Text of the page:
Film Reviews: Wednesday, August 29, 2002
A D V E R T I S E M E N T
A D V E R T I S E M E N T
Punched Out

Undisputed is a boxing movie that totters on its feet.

By KRISTIAN LIN

I almost started this review by saying that Undisputed is uninspired, but that’s something a hack reviewer would write, so I won’t go there. Besides, it’s not entirely true. The film makes a commendable effort to break out of the conventions of prison movies and boxing movies. The movie just doesn’t work.

It begins as George “Iceman” Chambers (Ving Rhames), the world’s reigning heavyweight boxing champion, is sent to a California state prison in the Mojave Desert to serve a 6-to-8-year sentence for rape. While his lawyers work on appealing his conviction, he tries to keep himself in fighting trim and fend off constant challenges from other inmates. Meanwhile, the same prison houses Monroe Hutchen (Wesley Snipes), a former ranked heavyweight who has been inside since beating his wife’s lover to death 10 years prior. Hutchen’s now the correctional system’s top fighter, and an aged mobster (Peter Falk) who has seen decades’ worth of boxing wants to set up a bout between the two prizefighters.

The plot machinations required to bring the fight about are little short of ludicrous, involving organized crime bosses from Vegas wagering big money on the match, blackmailing the prison’s warden, holding the fight in secret, and sending guys in suits to sit with the inmates to observe. The movie doesn’t waste too much time on these details. Unfortunately, this whole plot gives lots of screen time to Falk, whose tendency to overact has gotten much worse with age.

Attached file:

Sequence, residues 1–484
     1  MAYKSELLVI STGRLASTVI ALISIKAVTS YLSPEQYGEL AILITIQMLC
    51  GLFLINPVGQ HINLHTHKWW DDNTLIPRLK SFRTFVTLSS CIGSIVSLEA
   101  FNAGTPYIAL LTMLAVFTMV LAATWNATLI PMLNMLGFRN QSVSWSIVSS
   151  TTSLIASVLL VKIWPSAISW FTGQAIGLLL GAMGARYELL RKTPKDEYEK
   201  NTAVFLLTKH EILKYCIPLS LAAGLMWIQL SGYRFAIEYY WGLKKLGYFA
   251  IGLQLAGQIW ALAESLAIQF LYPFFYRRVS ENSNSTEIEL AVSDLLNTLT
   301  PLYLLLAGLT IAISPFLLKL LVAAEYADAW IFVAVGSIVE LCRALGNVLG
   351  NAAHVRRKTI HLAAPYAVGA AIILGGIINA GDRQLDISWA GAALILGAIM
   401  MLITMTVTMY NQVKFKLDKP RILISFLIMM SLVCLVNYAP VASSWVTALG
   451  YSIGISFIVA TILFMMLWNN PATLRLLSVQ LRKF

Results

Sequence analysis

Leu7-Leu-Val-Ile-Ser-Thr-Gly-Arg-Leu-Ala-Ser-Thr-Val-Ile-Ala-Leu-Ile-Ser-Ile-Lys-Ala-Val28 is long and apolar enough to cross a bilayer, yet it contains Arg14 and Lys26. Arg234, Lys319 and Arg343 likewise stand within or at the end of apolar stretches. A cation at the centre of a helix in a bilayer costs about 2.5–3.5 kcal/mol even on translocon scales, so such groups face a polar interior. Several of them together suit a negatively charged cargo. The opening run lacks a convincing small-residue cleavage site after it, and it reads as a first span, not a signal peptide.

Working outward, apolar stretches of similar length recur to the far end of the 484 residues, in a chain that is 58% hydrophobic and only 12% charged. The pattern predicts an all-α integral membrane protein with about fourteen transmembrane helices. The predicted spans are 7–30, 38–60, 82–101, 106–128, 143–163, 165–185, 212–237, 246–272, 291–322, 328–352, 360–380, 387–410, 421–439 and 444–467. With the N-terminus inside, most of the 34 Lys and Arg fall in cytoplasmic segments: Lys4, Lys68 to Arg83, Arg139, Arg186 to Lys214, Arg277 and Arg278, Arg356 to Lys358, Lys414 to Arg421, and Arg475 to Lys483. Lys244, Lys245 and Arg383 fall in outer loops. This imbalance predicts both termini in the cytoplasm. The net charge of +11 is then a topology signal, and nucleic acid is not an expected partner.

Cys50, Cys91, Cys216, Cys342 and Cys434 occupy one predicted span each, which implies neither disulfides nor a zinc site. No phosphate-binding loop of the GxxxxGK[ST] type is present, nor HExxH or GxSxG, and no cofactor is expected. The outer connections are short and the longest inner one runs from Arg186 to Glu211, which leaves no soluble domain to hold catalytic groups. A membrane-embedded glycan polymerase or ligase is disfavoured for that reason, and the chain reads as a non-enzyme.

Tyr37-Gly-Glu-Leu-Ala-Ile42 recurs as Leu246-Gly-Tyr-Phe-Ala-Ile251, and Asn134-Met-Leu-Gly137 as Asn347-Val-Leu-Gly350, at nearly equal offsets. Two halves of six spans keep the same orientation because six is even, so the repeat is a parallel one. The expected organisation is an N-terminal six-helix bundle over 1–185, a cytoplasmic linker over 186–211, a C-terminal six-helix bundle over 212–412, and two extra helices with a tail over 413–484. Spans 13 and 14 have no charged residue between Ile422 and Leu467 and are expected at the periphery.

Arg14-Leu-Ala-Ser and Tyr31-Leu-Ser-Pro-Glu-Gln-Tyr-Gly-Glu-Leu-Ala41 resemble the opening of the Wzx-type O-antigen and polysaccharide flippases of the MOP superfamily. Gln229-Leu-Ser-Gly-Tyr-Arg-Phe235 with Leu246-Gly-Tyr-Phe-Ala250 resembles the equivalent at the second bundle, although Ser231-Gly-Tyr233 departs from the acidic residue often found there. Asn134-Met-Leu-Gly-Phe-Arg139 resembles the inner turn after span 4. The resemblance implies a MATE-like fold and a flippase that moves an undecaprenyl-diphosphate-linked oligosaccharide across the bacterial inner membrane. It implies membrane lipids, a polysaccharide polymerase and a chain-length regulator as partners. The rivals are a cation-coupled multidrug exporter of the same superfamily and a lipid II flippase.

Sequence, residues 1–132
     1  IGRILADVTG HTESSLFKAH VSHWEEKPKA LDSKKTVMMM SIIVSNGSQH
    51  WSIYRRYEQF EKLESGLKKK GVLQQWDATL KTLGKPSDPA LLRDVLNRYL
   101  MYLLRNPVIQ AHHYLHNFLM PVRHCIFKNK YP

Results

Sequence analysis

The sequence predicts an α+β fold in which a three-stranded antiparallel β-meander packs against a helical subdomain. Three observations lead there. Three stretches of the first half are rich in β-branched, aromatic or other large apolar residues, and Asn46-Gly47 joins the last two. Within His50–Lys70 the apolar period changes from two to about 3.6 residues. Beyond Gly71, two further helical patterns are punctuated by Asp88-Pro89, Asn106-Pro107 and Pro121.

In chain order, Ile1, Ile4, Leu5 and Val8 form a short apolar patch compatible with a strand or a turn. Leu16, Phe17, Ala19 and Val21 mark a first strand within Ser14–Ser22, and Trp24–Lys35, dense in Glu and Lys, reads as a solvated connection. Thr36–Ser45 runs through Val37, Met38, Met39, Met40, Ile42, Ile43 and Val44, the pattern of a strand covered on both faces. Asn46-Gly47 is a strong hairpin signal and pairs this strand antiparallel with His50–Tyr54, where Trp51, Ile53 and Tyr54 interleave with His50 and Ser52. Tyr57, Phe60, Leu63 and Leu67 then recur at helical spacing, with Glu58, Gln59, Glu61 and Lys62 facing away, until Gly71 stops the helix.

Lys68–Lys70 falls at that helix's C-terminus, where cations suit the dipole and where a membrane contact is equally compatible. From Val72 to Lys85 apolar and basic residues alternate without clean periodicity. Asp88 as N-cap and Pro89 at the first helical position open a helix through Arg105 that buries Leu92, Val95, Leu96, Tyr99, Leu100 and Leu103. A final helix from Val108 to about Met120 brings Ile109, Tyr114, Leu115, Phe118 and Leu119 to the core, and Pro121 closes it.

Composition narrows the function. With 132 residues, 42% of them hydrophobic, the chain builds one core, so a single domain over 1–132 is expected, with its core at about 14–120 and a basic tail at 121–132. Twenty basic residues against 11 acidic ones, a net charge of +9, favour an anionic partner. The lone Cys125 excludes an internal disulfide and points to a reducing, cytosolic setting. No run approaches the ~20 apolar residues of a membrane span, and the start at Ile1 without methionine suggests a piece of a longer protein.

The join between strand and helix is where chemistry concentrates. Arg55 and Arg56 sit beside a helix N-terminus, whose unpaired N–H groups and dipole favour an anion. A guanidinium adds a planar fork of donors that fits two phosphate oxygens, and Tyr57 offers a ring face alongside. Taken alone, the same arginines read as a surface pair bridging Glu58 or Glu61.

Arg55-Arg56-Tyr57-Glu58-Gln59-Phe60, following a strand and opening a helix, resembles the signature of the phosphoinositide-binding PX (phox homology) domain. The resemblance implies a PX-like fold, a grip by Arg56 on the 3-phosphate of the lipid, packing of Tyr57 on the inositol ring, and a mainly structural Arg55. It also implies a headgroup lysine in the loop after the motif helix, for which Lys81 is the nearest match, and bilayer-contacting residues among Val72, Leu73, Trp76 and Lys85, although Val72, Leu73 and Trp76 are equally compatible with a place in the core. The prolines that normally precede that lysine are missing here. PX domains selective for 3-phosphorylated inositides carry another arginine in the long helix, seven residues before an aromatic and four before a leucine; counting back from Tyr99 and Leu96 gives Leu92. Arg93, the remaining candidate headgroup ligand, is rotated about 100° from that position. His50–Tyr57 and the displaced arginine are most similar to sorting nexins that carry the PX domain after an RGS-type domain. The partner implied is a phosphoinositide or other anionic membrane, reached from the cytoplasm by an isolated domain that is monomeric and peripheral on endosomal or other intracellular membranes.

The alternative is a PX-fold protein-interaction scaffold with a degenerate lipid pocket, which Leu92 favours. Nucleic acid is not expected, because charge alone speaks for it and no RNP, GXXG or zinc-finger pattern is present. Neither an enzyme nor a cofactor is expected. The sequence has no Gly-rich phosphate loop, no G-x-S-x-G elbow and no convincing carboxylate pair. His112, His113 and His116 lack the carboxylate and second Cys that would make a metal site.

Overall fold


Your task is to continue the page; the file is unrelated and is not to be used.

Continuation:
The characters on the periphery of the action are the usual assortment of clichés you’d expect to find: skinheads, bitches, prison gangs. The main characters, however, are pretty much complete ciphers. The movie gives us rap sheets on the men as they appear — their names and what crimes they’re in prison for — but tells us nothing about their inner lives. This skimping on character development seems to be intentional, and it might have worked in conjunction with similarly bold artistic choices in other areas. The trouble is, this movie doesn’t get far enough away from its roots as a conventional sports film. We’re supposed to root for Hutchen because we’re reminded that Chambers is a bad guy, but when the first-round bell rings on the climactic fight, we don’t know who we’re cheering for. Hutchen hardly says anything in the film and doesn’t do anything except build elaborate models out of toothpicks and Popsicle sticks. The lack of character development is a waste of the estimable presences of Snipes and Rhames, as well as a supporting cast that includes Jon Seda, Wes Studi, and Michael Rooker.

Director/co-writer Walter Hill is an old hand, having made the 1979 gang film The Warriors and tasted big-time success with 48 Hrs. three years later. Hollywood considered him streetwise 20 years ago, but an awful lot of celluloid has flowed through the projectors since then. He’s still got enough talent that a comeback someday wouldn’t be out of the question, but he needs a fresher and probably younger writer to give him material. All in all, this boxing movie goes down as a loss by decision.


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